Innovative wireless implantable devices helping scientists control brains

New information published in the journal Nature Methods reveal a new innovative way in which experiments will be conducted in the future using a wireless implant device that stimulates the brain.

Researchers are now able to stimulate the brain nerves in mice and eliminate the long wire hookups once needed. This new process allows mice to move more freely during experiments. The technology is also being tested using multiple mice and to use with barriers such as tunnels that they were previously not able to utilize due to the wires, according to National Monitor.

The technology is called optogenetics and it is when scientists utilize light to control activity in the brain.

The research behind the invention was lead by a team at Stanford University who truly believed that by developing this type of device they could lead the way for future research offering a more flexible and customizable design option.

According to an assistant professor of electrical engineering at the university, Ada Poon, the innovation is a new way of utilizing wireless technology for the purpose of optogenetics and that by being smaller it is giving scientists more options on the way they conduct experiments.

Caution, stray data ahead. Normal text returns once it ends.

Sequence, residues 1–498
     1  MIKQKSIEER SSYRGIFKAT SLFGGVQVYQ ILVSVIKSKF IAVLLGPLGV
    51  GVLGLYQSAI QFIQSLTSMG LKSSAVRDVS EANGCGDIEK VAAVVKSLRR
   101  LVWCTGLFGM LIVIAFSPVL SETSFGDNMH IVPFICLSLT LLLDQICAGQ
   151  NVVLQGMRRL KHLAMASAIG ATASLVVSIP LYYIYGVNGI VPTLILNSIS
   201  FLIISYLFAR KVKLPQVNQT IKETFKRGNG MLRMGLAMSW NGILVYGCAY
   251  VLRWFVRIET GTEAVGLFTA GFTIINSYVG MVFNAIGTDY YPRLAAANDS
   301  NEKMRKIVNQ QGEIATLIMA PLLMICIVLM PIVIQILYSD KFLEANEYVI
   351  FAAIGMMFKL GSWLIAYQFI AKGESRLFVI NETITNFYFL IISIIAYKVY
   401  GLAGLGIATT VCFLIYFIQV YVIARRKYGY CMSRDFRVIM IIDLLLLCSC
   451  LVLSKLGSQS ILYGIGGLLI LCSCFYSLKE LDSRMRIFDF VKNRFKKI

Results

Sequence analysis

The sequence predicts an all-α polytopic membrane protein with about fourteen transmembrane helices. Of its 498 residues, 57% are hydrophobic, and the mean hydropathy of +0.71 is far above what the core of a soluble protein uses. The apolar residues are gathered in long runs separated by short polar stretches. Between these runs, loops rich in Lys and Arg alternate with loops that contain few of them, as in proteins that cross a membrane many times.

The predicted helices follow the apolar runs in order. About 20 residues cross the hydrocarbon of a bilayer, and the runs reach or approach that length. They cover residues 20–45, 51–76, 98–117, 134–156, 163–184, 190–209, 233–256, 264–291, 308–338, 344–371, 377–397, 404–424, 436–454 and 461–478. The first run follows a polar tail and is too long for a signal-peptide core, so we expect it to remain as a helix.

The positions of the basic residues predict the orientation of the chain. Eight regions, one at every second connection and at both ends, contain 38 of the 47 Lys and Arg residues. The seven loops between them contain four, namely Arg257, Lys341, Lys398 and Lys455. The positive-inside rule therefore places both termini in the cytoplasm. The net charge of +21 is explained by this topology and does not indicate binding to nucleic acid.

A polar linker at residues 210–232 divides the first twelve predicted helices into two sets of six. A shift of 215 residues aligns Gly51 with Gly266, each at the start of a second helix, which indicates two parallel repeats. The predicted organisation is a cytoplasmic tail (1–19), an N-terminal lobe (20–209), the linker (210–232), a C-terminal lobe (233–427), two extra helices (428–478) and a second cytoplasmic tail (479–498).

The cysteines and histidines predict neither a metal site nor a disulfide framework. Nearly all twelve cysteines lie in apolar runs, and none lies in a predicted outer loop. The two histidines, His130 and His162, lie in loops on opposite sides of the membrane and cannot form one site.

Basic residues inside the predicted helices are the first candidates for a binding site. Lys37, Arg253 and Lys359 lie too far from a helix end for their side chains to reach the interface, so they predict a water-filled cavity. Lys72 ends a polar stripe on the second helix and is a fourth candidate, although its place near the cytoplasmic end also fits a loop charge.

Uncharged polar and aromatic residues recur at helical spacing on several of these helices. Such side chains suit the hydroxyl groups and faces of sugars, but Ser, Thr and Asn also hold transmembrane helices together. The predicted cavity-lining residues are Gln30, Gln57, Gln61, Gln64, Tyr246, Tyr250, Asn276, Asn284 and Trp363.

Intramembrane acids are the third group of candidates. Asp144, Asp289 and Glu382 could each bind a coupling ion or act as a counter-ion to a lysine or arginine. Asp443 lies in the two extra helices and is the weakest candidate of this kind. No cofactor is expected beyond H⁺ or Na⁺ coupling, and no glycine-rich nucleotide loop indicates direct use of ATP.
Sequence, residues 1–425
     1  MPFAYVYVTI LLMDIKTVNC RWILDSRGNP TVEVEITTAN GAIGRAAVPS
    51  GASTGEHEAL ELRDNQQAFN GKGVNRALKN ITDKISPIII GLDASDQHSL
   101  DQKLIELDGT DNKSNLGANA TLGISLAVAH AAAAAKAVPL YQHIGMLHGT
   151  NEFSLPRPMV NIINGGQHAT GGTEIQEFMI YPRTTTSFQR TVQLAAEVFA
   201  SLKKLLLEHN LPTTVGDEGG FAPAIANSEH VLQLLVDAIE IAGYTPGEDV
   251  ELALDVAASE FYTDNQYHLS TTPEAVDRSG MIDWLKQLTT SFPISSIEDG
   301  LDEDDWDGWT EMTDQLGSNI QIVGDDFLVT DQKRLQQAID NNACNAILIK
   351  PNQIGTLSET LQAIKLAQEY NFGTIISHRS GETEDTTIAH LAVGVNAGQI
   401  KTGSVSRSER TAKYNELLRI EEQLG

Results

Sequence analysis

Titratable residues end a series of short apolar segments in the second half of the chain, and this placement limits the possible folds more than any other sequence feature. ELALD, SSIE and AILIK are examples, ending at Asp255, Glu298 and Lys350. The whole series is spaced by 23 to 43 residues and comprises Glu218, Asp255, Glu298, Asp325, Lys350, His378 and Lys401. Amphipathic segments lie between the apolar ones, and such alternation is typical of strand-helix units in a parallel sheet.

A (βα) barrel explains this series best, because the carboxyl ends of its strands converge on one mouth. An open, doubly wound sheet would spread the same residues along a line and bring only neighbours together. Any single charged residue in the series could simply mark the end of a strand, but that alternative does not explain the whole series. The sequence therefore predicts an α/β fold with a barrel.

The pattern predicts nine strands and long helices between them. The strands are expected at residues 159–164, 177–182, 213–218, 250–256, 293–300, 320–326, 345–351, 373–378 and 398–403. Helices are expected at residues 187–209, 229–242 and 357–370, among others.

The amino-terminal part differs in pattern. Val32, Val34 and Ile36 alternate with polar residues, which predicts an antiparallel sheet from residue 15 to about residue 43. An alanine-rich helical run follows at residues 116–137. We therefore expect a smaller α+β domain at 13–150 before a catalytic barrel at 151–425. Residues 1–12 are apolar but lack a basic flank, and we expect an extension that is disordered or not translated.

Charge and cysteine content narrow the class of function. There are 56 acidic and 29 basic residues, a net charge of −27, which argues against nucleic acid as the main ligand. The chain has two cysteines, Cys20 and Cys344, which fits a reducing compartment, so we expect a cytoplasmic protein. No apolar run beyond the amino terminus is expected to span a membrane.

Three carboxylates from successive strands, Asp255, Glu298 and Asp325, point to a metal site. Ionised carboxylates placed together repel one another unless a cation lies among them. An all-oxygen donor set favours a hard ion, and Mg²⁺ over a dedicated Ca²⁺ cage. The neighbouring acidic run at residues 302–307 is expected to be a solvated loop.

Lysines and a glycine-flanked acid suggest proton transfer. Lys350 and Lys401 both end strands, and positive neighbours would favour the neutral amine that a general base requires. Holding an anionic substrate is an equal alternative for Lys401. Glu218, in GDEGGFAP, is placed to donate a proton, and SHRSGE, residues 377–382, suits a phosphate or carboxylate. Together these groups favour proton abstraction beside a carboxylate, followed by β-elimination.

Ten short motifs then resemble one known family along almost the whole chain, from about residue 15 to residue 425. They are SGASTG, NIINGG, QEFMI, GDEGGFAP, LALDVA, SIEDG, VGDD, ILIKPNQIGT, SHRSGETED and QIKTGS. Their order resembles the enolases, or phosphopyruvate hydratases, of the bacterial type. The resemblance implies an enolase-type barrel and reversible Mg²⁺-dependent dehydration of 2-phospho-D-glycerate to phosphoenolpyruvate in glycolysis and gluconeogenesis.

Optogenetics is being used now in mice that have already been genetically modified. This being the case, their brains can be manipulated with light by a chamber that transmits radio frequency agency. That is then transferred to a tiny coil in the implanted device from the animal’s paw, which causes it to light up.

At this time, scientist are still forced to attach wires to the head of the animal which causes an inconvenience to their experiments and prevents the mice from moving about freely. But with this new implant, scientists will soon be able to take on far more advanced studies utilizing the technology.



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